President Barack Obama poked fun at himself and what he called a hard year, but aimed his most caustic humor at Washington gridlock on Saturday when the political and media elites gathered at the annual White House Correspondents' Association dinner.
"In 2008 my slogan was, 'Yes we can.' In 2013, it was control-alt-delete," Obama joked to an audience also studded with film and television stars.
"At one point, things got so bad the 47 percent called Mitt Romney to apologize," he said, referring to a 2012 presidential campaign scandal in which the Republican candidate was secretly taped saying that 47 percent of Americans have become reliant on government handouts.
More than 2,000 guests packed the ballroom of the Washington Hilton, where the capital's political and media worlds collide every year in lubricated goodwill punctuated by a long dash of glamour on loan from Hollywood. The association marked its 100th year this year.
The president highlighted some of the low points of his administration's last year, dwelling on the disastrous rollout of the website for his landmark health insurance reform legislation.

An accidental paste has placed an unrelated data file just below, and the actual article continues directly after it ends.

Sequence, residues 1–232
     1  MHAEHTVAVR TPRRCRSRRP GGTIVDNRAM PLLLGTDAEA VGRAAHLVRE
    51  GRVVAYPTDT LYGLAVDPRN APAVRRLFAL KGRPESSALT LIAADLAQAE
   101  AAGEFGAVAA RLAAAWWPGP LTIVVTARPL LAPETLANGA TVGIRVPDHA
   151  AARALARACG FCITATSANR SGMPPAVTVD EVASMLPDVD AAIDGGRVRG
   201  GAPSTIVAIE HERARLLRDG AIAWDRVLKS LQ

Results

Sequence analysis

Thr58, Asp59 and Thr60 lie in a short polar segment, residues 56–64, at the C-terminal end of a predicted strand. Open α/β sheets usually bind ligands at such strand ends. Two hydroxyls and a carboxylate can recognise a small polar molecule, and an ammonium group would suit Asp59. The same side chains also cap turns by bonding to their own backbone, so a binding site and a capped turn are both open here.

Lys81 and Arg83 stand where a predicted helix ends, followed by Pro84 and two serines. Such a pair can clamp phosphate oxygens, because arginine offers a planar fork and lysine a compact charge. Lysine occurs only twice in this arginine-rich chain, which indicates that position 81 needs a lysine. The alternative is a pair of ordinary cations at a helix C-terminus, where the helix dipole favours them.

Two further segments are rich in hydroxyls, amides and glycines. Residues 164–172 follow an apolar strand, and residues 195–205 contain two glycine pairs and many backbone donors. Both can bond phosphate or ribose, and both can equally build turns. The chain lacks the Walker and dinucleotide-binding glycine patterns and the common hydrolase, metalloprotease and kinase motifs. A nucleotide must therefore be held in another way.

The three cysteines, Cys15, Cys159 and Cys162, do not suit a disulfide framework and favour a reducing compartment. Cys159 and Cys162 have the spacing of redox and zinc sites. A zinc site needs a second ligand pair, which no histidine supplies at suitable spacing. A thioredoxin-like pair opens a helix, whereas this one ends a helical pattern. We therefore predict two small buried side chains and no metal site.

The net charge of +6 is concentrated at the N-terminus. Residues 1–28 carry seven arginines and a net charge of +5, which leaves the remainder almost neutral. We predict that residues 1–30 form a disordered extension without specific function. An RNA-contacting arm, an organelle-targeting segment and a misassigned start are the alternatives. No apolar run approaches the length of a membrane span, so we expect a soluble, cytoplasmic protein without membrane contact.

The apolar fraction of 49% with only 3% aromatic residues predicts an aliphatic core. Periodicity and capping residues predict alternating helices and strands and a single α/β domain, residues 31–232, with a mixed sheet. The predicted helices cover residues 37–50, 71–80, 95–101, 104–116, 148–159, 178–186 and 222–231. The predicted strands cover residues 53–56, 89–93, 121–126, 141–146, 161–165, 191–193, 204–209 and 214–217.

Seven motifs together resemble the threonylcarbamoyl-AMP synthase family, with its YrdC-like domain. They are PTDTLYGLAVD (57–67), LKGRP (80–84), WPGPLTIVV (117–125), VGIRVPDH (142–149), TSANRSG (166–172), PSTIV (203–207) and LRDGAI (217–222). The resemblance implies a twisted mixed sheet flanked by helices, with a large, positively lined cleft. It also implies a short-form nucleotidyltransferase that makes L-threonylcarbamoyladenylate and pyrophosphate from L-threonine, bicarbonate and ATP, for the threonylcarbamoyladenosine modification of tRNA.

"Of course we rolled out HealthCare.gov. That could have gone better," he deadpanned.
Later he turned on Republican opponents in Congress who are clamoring to repeal the legislation, despite higher than expected enrollment figures in the government health care exchanges: "How well does Obamacare have to work before you stop trying to repeal it?"
At the end of his speech, Obama turned the audience's attention to a video monitor, which failed to work. Kathleen Sebelius, the health secretary who announced her resignation this month after overseeing the botched rollout of Obamacare, stepped to the podium to try to fix the technical glitch.
Obama also took a swipe at Republicans for blocking his bid to raise the minimum wage. "If you want to get paid for not working you should run for Congress just like everyone else," he said.
In a self-deprecating crack at his own low popularity ratings, the president referred to his fellow Democrats not wanting to campaign with him for November congressional elections in a wistful joke involving one of his daughters: "I did notice the other day that Sasha needed a speaker for career day and she invited Bill Clinton."
Joel McHale, star of NBC comedy "Community" followed Obama with a well-received routine that had New Jersey Governor Chris Christie's weight as its largest target.
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